Habré, who has been living in exile in Senegal for 22 years, was arrested on June 30 at his home in Dakar and charged two days later with crimes against humanity, war crimes and torture committed between 1982 and 1990 when he was in power in Chad.
The two-week mission is part of an international rogatory commission, according to RFI. The investigating magistrates will hear victims’ associations, prosecution and defence witnesses. They also plan to visit prisons dating from the 1980s and two sites said to be those of mass graves.
Habré’s lawyers declined an invitation to take part in the mission, according to RFI.
More than 1,000 victims have established themselves as civil parties against Habré. The current Chadian government has meanwhile started making an inventory of the former president’s assets, most of which are abroad, according to Justice Minister Jean-Bernard Padaré.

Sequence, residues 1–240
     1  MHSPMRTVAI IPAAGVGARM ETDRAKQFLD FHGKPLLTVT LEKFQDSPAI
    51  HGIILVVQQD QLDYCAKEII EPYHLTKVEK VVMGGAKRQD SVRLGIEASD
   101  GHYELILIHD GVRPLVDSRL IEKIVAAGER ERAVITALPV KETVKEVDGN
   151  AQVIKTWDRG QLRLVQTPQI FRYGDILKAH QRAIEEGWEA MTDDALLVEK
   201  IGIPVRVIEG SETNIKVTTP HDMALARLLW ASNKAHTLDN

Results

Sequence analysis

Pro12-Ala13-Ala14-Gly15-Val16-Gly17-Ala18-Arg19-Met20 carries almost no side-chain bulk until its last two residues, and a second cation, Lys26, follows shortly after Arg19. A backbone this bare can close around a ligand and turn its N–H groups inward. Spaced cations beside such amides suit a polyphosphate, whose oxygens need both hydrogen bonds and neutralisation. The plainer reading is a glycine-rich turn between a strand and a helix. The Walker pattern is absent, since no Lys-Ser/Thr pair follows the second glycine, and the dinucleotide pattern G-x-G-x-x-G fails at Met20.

Documents from the Directorate of Documentation and Security, Habré’s political police, obtained by Human Rights Watch in 2001, revealed the names of 1,208 people who were executed or died in detention and 12,231 victims of various human rights abuses.
Habré was first indicted in Senegal in 2000. However, the Senegalese courts declared they did not have a mandate to try him, leading the victims to file a suit in Belgium. In September 2005, after four years of investigation, a Belgian judged indicted Habré and Brussels requested his extradition. After Senegal refused to extradite him and negotiations with the African Union were still dragging after three years, Belgium brought a complaint against Senegal before the International Court of Justice (ICJ). On July 20, 2012, the ICJ ordered Senegal to try Habré without delay or extradite him to Belgium.